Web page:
We’re asking thought leaders, business people and creatives to talk about 2021, and give us catalyzing ideas for making St. Pete a better place to live in what will surely be a changed – and charged – post-Covid world. What should our city look like? What are their hopes, their plans, their problem-solving ideas? This is Catalyze 2021.
It’s been a busy year on the University of South Florida’s St. Petersburg campus. Like the rest of the country, the school has been faced with challenges related to the pandemic as well as opportunities to address the issue of systemic racism. And that’s before you throw in July’s consolidation of all three USF campuses, threats of significant budget cuts and a renewed commitment to growing enrollment in 2021.
Going into a new year with so many uncertainties still out there could be considered daunting for many people, but not Stephanie Goforth. The vice chairwoman of USF’s Board of Trustees and chair of the St. Petersburg Campus Advisory Board can’t wait to see what’s in store for 2021.
“Of course, what we’re all looking forward to most in 2021 is a safe and speedy end to the pandemic,” she said. “I am very proud of the way USF has handled the challenge of providing top-quality education to our students while also keeping them safe.”
Goforth also praised USF’s “excellent faculty” for their contributions to scholarly research related to Covid-19 and how it has impacted society both physically and mentally.
Beyond advancing knowledge and awareness around Covid-19, Goforth said USF plans to strengthen the community through its ongoing commitment to dismantling systemic racism and actively promoting racial equity across all campuses and in the communities they serve. Under the leadership of regional chancellor Martin Tadlock, the university formed a diversity and inclusion task force earlier this year. The task force, which includes university administrators, faculty members, students, city officials, nonprofits and business leaders, is looking at a number of different initiatives and is working to boost the number of students of color on the St. Pete campus.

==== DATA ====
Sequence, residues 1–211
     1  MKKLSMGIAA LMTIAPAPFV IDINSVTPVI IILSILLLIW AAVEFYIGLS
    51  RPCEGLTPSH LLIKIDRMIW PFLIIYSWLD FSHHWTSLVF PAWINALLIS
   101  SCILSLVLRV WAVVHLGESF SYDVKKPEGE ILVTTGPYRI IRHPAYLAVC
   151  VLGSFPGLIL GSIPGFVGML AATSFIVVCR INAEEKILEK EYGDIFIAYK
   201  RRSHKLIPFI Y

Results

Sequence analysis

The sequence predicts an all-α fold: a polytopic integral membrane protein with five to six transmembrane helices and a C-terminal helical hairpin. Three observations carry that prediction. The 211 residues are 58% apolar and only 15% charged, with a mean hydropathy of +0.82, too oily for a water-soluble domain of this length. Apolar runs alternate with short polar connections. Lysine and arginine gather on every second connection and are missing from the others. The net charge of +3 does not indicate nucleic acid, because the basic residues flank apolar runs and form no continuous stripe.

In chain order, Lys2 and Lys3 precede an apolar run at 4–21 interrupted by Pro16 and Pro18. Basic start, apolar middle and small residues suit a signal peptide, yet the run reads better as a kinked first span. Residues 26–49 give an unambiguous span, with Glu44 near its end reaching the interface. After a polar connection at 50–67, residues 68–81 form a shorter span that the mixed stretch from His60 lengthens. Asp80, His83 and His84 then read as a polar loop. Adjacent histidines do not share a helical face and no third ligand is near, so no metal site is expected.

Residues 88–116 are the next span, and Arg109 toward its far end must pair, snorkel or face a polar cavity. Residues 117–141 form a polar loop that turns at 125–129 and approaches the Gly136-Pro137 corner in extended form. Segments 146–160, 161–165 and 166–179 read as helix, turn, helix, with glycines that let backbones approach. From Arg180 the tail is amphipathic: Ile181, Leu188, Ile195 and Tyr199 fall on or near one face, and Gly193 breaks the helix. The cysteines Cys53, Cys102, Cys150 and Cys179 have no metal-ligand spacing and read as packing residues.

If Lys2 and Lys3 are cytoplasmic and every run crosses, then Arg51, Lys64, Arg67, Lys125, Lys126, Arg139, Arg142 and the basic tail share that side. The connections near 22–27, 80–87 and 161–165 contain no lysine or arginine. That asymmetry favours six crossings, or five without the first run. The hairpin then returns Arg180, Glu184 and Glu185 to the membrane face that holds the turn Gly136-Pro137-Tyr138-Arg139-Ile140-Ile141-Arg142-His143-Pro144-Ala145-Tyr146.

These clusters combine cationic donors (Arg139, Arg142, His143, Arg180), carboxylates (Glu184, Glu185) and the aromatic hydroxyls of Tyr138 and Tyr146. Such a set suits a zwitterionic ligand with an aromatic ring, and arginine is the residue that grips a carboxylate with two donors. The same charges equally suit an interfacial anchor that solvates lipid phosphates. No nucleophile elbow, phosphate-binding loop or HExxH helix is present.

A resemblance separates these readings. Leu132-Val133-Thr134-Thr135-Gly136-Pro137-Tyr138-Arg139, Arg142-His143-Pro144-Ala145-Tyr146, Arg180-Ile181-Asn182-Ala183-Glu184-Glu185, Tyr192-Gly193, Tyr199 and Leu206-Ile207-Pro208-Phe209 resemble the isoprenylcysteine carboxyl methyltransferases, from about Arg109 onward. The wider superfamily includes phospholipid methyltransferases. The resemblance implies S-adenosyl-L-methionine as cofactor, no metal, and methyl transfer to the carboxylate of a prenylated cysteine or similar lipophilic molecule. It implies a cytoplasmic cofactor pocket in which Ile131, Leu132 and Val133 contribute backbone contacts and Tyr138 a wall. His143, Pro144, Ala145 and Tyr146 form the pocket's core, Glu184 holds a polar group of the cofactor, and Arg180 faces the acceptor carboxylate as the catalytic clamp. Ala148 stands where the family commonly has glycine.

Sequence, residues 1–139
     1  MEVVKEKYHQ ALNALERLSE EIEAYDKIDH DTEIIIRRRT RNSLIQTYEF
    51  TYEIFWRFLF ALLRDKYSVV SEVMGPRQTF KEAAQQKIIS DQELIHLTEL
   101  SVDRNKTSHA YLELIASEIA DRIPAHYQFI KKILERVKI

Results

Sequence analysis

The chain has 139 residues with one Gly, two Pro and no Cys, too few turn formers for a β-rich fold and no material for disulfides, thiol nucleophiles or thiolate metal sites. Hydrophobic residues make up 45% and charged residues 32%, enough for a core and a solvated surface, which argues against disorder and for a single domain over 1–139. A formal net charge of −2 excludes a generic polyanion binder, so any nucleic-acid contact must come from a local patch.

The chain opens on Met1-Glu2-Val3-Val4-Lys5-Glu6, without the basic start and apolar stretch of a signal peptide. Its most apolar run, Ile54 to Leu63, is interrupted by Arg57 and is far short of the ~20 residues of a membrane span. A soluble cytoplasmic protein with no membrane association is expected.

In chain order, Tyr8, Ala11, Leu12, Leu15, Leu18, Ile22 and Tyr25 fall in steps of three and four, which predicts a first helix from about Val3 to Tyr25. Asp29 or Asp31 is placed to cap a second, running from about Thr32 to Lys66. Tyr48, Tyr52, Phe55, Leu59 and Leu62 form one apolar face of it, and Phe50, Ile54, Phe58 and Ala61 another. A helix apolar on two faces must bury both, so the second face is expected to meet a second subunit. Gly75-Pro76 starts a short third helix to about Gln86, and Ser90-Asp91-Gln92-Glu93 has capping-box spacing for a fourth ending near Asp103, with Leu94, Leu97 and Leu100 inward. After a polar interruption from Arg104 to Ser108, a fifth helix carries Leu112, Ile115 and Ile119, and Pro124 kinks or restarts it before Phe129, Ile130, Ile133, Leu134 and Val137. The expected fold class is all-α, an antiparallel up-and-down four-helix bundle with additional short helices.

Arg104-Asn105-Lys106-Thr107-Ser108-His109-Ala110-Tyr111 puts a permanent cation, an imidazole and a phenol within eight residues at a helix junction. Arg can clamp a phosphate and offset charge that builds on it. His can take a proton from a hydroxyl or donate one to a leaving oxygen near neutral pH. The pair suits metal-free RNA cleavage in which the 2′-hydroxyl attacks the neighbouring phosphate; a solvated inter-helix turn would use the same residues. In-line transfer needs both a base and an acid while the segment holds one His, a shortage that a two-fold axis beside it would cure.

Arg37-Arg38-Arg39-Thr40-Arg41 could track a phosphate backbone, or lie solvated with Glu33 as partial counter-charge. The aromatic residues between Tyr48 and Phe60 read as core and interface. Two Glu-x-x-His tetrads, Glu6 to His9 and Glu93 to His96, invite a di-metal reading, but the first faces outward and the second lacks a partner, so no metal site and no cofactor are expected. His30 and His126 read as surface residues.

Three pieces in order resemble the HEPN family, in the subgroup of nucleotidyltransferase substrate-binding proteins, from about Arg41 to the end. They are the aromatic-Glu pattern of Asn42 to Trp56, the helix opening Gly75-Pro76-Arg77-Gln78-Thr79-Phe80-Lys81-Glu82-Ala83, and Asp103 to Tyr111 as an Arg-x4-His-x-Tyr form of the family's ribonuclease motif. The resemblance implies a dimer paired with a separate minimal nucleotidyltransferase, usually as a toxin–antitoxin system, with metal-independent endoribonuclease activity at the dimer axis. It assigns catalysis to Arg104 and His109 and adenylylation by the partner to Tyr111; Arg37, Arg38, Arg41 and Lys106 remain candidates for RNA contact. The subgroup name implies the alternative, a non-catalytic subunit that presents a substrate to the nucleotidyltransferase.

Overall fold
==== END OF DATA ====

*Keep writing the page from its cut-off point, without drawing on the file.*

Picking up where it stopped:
That ties into another of the school’s goals, which is to increase overall enrollment after several years of significant dropoff. In October, state representative Chris Sprowls posted on social media that the Board of Trustees and administration at USF has “assured us of their commitment to growing enrollment at USF St. Petersburg with a strong goal of 650 students for next year’s class.”
Goforth is excited about the prospect of higher enrollment and seeing more students moving into the school’s new residence hall, Osprey Suites, which opened in August and will soon feature a full-service dining facility on its first floor.
“We’re looking forward to increasing the number of students on the St. Petersburg campus,” she said. “Having more students living and learning in downtown St. Petersburg will add to the vibrancy of the city and contribute to our reputation as a hub for education.”
Finally, “and perhaps most importantly,” Goforth said USF will be looking for opportunities to continue highlighting the distinctive identity of its campus. In November, USF administrators unveiled plans to create five distinctive academic programs across multiple disciplines with the goal of turning the waterfront campus into an international destination for student and faculty talent.
“We believe these will become destination programs for the best and brightest students while also serving the needs of our community,” she said.
Overall, Goforth said, it’s a “really exciting time” at USF’s St. Petersburg campus.
“Consolidation has opened up a wealth of opportunities for the greater Pinellas County community,” she said. “I think it’s going to be a terrific year and the outlook will just continue to get brighter as we move forward.”